* TSX up 89.92 points, or 0.75 percent, at 12,003.78
* Index closes at highest level since May 14
* Eight of index’s 10 main sectors higher (Updates to close, adds quotes)
By Jennifer Kwan
TORONTO, Sept 1 (Reuters) - Toronto’s main stock index notched its highest close in more than 15 weeks on Wednesday as U.S. and overseas economic data stoked optimism about global recovery.
Toronto took its cue from world stock markets, which rallied on stronger economic numbers from China and Australia and on a closely watched report that showed the U.S. manufacturing sector expanded more quickly than expected in August. [ID:nN01115648]
In China, the manufacturing sector rebounded in August after slowing for several months, while Australia’s economy grew at the fastest pace in three years last quarter.
Those rosy readings sent oil prices sharply higher, while copper hit multi-month highs, pushing up the TSX index’s resource-linked sectors. [O/R] [MET/L]
Suncor Energy SU.TO rallied 4.7 percent to C$33.73, while First Quantum Minerals FM.TO shot up 5.7 percent to C$64.96. Teck Resources TCKb.TO jumped 5.5 percent to C$37.64.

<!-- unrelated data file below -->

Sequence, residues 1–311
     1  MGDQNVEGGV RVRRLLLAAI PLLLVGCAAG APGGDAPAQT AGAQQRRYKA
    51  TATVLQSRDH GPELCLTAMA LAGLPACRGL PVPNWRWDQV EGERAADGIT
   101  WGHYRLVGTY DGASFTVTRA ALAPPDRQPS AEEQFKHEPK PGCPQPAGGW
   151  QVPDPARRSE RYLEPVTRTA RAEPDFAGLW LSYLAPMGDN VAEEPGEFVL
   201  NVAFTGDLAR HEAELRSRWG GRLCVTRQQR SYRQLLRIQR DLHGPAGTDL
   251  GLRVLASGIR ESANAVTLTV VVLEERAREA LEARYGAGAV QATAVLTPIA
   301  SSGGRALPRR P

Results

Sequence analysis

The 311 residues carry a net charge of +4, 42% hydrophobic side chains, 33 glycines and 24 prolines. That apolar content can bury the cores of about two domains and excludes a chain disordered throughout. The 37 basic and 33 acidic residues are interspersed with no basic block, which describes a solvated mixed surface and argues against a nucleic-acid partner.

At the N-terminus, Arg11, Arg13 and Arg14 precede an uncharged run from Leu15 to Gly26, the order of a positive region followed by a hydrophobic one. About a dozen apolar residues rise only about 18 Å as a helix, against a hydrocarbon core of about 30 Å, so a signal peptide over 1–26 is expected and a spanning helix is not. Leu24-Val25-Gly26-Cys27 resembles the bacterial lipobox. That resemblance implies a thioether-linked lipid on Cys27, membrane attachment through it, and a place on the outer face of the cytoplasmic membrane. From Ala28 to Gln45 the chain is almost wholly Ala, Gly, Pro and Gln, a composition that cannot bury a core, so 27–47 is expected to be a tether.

The Toronto Stock Exchange’s S&P/TSX composite index .GSPTSE finished the day up 89.92 points, or 0.75 percent, at 12,003.78, with eight of its 10 main sectors higher. It was the index’s sixth day in positive territory and its highest close since May 14.
Despite the rally, the “overwhelming majority” of data points to a sluggish economic landscape, particularly when it comes to the labor market, said Levente Mady, market strategist at Union Securities in Vancouver.
Another report on Wednesday, for example, showed the U.S. private sector unexpectedly cut 10,000 jobs in August, compared with a gain of 37,000 in July.
“Some of the data overnight was good. The ISM (manufacturing) number was good, but I don’t believe this rally and I think the overwhelming majority of the data continues to be soft and points to weakness on the economic front. I don’t know if this is sustainable,” Mady said.
$1=$1.05 Canadian Reporting by Jennifer Kwan; editing by Peter Galloway